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Borough Fen Iron Age Fort



In the Middle Iron Age a local tribe established a fortified enclosure on the Fen edge between the Welland and the Nene. With an internal area of 3.8 hectares it was a significant feature of the local landscape. Today the fort can be clearly seen in aerial photographs. The site is bisected by Decoy Road; to the west the site is on protected land, under pasture. To the east it has been more affected by plough damage.


Borough Fen Duck Decoy First Mentioned



The Duck Decoy at Borough Fen has been in use for centuries, although the first reference to it was in 1670. It was originally built to facilitate the capture of ducks which were destined for dinner tables, but now it is used to help capture and ring ducks for conservation purposes. The decoy appears quite remarkable on maps: it is made of a central pond with 8 curved, narrowing arms radiating from the centre. The arms or 'pipes' were tapered and curved so that ducks could be encouraged down them and easily captured. The last known use of the decoy for its original use was in 1951.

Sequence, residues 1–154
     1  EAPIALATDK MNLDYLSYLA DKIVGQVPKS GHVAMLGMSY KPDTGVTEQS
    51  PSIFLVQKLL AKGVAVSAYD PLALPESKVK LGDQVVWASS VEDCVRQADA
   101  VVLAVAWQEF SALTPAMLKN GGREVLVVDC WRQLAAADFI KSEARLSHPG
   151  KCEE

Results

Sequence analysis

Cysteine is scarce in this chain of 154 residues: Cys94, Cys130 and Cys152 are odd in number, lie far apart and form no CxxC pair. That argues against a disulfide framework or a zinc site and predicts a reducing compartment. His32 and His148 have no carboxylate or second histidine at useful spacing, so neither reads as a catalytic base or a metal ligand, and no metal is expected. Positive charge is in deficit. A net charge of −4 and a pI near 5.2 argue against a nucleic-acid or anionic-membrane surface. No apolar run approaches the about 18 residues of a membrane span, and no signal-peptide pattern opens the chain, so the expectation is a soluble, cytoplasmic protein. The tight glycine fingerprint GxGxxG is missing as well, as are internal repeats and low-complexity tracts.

Borough Fen Burials

2400-1500 BC


The landscape in the area north-east of Peterborough, incorporating Borough Fen, Milking Nook and Newborough would have looked very different in the late-Neolithic and Bronze Age to the present agricultural scene. Archaeological investigations have discovered that the landscape contained several bowl barrows and ring ditches, now buried below the surface. Bowl barrows were part of funeral rituals and contained single or multiple burials. They are common in lowland areas, although Borough Fen is remarkable for the number clustered along the prehistoric fen edge. The majority are approximately 5m in diameter, but the scheduling area around them is much more extensive.